The law actually only applies if you are incorporated in the EU I believe, so US sites should be fine (there would be no way to enforce the law otherwise).
Also, in terms of punishing sites, the governing body that issues the law is implemented at a country-specific level, not at an EU-level (they just give guidance on what it should be), so the actual implementation is down to wherever you are based.
That means that actually as a US-based company you would be exempt of having to put a cookie warning up, although complying with it would be 'nice', but not mandatory.
Finally, although everyone is scrambling to put something on thir sites to comply and to have a policy, sites that will most likely get fined will be 'sample cases' to set precedent or set an example, but overall this will be very hard to enforce, particularly considering the definitions are so wishy-washy (for example, Google Analytics isn't counted as infringing and if you have cookie-based authentication that is 'required' for operation of the site then again it is exempt).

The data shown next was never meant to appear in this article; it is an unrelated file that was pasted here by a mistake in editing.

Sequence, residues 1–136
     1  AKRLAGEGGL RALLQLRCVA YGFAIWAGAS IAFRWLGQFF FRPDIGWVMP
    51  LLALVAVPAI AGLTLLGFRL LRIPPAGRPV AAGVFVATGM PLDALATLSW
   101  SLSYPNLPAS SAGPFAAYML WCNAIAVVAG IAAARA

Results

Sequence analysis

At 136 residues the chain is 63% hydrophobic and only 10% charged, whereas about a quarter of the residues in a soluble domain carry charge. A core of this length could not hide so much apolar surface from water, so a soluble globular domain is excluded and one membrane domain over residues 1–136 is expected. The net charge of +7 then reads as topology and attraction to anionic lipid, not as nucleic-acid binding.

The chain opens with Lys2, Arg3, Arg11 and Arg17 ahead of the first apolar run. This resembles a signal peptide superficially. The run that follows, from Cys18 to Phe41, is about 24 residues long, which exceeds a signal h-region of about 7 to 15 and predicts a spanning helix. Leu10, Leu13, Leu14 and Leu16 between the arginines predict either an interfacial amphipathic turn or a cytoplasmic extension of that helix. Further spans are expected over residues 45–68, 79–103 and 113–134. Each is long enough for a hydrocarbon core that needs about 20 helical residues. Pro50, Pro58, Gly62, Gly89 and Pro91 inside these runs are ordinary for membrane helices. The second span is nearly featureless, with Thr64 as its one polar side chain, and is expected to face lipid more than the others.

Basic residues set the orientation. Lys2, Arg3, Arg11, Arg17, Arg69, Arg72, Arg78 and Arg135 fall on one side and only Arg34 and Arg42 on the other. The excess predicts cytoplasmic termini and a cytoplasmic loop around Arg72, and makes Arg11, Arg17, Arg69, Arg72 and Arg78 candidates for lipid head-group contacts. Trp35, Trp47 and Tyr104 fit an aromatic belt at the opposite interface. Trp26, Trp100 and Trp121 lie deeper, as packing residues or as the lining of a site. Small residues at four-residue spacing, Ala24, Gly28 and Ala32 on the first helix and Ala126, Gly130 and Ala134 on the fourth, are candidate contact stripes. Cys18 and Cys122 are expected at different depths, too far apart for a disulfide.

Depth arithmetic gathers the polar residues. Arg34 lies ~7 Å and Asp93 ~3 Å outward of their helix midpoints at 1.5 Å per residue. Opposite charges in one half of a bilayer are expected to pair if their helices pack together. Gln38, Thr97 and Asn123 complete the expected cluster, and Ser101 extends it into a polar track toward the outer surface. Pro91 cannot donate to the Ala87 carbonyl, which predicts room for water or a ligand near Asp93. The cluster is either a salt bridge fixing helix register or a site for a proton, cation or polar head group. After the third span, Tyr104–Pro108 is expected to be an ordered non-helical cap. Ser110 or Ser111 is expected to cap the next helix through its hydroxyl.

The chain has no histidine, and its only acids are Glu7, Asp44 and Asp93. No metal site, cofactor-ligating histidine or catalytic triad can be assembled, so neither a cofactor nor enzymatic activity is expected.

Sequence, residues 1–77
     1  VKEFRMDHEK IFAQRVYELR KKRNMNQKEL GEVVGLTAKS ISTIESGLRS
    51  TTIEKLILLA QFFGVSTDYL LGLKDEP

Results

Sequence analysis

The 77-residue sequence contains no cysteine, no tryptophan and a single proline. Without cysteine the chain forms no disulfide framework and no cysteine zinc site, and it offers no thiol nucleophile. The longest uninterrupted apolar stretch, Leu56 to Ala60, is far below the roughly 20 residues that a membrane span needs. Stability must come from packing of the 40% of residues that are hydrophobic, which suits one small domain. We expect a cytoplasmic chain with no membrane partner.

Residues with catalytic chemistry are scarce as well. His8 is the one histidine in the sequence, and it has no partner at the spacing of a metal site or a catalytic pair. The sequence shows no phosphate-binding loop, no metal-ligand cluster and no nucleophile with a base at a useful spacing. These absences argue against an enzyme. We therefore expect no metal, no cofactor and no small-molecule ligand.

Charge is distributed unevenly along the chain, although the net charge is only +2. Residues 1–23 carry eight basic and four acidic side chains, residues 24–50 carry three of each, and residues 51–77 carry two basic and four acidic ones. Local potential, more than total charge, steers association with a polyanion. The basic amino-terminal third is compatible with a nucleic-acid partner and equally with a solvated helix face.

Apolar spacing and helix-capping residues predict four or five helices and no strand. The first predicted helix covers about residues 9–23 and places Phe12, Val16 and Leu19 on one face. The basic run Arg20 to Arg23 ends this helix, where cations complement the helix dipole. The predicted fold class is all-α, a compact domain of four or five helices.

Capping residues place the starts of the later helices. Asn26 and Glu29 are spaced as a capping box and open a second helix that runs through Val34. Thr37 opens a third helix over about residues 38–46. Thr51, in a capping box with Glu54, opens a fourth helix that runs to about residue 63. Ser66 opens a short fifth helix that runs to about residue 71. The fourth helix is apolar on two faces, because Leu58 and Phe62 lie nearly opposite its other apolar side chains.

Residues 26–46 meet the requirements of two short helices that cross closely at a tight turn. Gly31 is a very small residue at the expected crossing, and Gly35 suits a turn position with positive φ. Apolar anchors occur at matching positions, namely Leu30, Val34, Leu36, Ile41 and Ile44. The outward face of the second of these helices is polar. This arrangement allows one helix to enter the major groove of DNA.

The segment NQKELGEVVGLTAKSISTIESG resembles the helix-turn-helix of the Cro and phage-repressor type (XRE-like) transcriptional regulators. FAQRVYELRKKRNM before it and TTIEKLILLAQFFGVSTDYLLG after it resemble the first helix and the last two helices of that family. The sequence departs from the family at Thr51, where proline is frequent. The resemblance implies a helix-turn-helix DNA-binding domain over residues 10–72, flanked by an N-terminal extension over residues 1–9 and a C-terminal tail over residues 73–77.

So unless you are doing some heavy-duty tracking you should be complying just by having a policy on your site.
But, I'm not a lawyer so please don't take the above as gospel (covering my butt) ;-)